The alarming rate at which the wild animals are disappearing in India, scientists have devised a new technology known as cloning to bring back plenty of dying wildlife animals that could vanish from the earth. For the layman, cloning is essentially a process of creating a living thing that is an exact carbon copy of another. This signifies that the DNA of the two organisms will be perfectly the same. That is not all as the various body parts such as the face, eyes, nose and ears will be similar.
Most of the people may know about Dolly, the lamb, which was cloned successfully, but some of them do not have comprehensive details of cloning, including the pivotal fact that the scientists from the major corners of the world are experimenting with it for over 100 years. Some of the earlier instances where the scientists have tried to clone the animals are as follows:
- 1952: Robert Briggs and Thomas King at the Lankenau Hospital Institute in Philadelphia managed to clone 27 northern leopard frogs.
- 1962: South African frogs were cloned by John Gurdon.
- 1977: the first mice were cloned was created by Karl Illmensee.
- 1996: Dolly, the sheep, was the first animal to be cloned from the adult cells.
- 2000: First cloned pigs were created by the scientists.
- 2001: Kitten and rabbits are cloned with the help of the adult cells.
- 2009: Indian scientists of Animal Biotechnology Centre with National Dairy Research Institute (NDRI), Karnal (Haryana) clone an endangered wild buffalo.
Wildlife Conservation Efforts in India through Cloning
Over the years, India, where the rate of endangered animals is very high, has taken some extreme steps to protect the wildlife and increase tiger population. Many national parks and sanctuaries have been opened, ban has been implemented on the products made from the animal skin or fur and a collaboration with the various renowned bodies such as the Coalition Against Wildlife Trafficking (CAWT) and the Convention on International Trade in Endangered Species of Wild Fauna and Flora (CITES) have been undertaken to shield the different species of wildlife from extinction.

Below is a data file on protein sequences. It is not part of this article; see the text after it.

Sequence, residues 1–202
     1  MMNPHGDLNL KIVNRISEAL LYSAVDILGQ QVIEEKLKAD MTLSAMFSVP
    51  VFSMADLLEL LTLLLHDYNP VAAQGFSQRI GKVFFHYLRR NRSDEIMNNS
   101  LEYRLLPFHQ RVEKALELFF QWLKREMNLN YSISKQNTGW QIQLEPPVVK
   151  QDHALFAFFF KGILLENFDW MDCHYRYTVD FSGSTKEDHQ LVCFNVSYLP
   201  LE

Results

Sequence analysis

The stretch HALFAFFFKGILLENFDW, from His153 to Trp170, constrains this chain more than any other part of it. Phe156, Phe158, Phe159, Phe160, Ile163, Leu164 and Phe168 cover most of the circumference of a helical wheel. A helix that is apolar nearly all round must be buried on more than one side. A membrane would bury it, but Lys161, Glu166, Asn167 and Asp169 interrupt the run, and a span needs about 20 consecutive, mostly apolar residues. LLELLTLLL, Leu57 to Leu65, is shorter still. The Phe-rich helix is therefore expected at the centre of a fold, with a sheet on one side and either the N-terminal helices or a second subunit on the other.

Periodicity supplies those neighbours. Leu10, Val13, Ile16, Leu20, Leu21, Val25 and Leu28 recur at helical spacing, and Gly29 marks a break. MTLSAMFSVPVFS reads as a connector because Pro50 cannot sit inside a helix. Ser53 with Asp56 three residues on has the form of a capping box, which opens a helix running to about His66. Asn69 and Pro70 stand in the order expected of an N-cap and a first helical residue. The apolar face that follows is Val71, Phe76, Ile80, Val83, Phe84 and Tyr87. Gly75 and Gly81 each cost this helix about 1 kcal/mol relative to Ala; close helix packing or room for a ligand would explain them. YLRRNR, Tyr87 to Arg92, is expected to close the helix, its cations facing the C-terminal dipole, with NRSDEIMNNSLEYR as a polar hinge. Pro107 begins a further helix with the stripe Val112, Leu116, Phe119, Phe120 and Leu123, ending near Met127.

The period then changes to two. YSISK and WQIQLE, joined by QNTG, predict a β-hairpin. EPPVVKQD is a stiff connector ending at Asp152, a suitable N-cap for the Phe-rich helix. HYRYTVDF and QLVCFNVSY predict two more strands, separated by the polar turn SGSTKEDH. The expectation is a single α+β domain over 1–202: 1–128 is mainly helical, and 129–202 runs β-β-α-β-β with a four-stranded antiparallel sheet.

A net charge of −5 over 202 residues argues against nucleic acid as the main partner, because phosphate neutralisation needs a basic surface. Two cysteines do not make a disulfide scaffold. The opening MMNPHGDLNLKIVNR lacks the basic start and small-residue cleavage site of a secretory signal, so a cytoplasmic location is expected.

Now, the Government of India is now mulling over utilizing the cloning technology to conserve wildlife. According to the experts, there is no country in the world where cloning is used to protect the wild animals. Taking one step further, the Chhattisgarh government has decided to safeguard the declining population of the wild buffalo with the help of cloning by taking the assistance of National Dairy Research of India (NDRI). This is not the first time that the premier institute of India is going to clone the animals. It has earlier tasted success by cloning one of the world’s first domestic buffalo and a Pashmina goat. If the NDRI achieves favorable results by cloning the wild animals, then it could open the gates for conserving various other kinds of animals such as the tigers, Asiatic lions and one horned rhinoceros.
Cloning of the animals, according to the scientists is a very long-term project, but if it is successful, then the possibility of bringing back to life long extinct species of wildlife will soon become a reality.